Well, what I was getting at was more about the columnist than the concussion story, per se. ;)

Ichiro? The baseball player? Or am I lost in the weeds of the middle of a two-week slam?

Sun Sep 01, 02:57:00 AM EDT  
Blogger Zidane said...

Hmm, Isner vs. Nadal, I don't think that would have been that much of an excitement anyway. I remember in the Rogers Cup final between Nadal and Raonic, all the home media were salivating at the idea that Raonic's extraordinary serve could trouble Nadal. Then Nadal crafted an expert demonstration that you can't win against him with only a serve, far from it.

At least, it would have fallen into the pattern of what the Open's schedule organizers like of their night matches.

With Nadal's current form, I don't see anyone beating him, except maybe a top-form Federer or Berdych. Even Djokovic hasn't shown any kind of form that can beat Nadal right now.

So far, this tournament lacks excitement. It must have been one of the most boring first weeks of a slam in quite a while.

Sun Sep 01, 08:28:00 AM EDT  
Blogger Diane said...

I guess that, after Wimbledon, Zidane, anything would be boring. But havoc could still occur.....!

Olbermann is, without a doubt, the biggest misogynist I have ever seen on television (well, the biggest who isn't a famous "liberal" comedian on HBO), but then, I used to call MSNBC The Misogyny Network, what with Olbermann and Chris Matthews.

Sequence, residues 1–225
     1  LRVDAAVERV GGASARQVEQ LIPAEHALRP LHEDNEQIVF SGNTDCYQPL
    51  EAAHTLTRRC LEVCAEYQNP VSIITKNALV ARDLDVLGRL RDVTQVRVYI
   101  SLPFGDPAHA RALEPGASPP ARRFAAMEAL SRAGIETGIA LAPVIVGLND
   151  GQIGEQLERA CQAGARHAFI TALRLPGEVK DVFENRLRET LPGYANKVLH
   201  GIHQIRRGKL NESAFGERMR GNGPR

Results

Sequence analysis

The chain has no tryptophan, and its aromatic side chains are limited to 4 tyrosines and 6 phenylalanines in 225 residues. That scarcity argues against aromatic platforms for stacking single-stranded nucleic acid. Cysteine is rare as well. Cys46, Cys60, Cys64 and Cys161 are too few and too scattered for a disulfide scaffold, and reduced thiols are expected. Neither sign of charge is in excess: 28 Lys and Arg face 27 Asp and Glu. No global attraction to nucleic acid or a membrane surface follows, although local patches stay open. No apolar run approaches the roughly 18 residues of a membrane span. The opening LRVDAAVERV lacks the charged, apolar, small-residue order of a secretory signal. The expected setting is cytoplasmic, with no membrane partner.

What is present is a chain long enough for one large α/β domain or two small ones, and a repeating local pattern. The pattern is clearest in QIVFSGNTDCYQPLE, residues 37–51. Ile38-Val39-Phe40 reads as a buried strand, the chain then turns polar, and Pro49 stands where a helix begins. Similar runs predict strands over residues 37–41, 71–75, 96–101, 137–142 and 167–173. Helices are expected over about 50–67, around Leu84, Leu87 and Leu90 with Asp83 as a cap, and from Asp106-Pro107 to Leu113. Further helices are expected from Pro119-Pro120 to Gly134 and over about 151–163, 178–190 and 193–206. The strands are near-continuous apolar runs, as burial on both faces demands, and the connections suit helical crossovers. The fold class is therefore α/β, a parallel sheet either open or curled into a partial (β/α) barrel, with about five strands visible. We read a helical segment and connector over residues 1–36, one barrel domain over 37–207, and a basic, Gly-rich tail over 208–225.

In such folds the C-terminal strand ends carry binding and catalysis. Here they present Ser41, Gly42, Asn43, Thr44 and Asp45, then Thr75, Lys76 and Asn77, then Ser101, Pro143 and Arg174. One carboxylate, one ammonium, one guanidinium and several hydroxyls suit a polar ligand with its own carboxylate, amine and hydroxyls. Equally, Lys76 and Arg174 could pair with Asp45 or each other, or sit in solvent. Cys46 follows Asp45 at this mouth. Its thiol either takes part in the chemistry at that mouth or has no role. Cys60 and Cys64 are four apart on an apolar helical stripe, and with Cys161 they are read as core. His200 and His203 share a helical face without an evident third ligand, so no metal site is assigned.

Naturally, none of of Olbermann's woman-bashing ever got him into any trouble--it was other things.

Isner is a bit of a mystery. He had such a great summer, I thought he had finally crossed over to the next phase of his career. And maybe he has. Maybe the U.S. Open loss was just one of those things.

Sun Sep 01, 09:32:00 AM EDT  
Blogger Todd.Spiker said...

Isner loss to Nadal in the Cincinnati final was a pretty competitive match, but it was a best-of-3. It might be that Isner played a bit too much this summer. Some bodies and games thrive with loads of match play, while others don't. His body doesn't... yet his almost always leads to the longest matches possible. Not a good combination, especially in a best-of-5 set format tournament.

Yeah, it's hard to see anyone beating Nadal in his current form. But a final w/ Djokovic or Murray would be highly anticipated, especially if one of those didn't have to play four+ hours to get out of a SF against the other.

Sun Sep 01, 02:21:00 PM EDT  
Blogger Eric said...

THis is the best I've ever seen Sloane serve. She must have a live does she generate so much power? I didn't know she could almost serve 120mph. I thought she was around 109.

and yes, ichiro the baseball player

Sun Sep 01, 06:02:00 PM EDT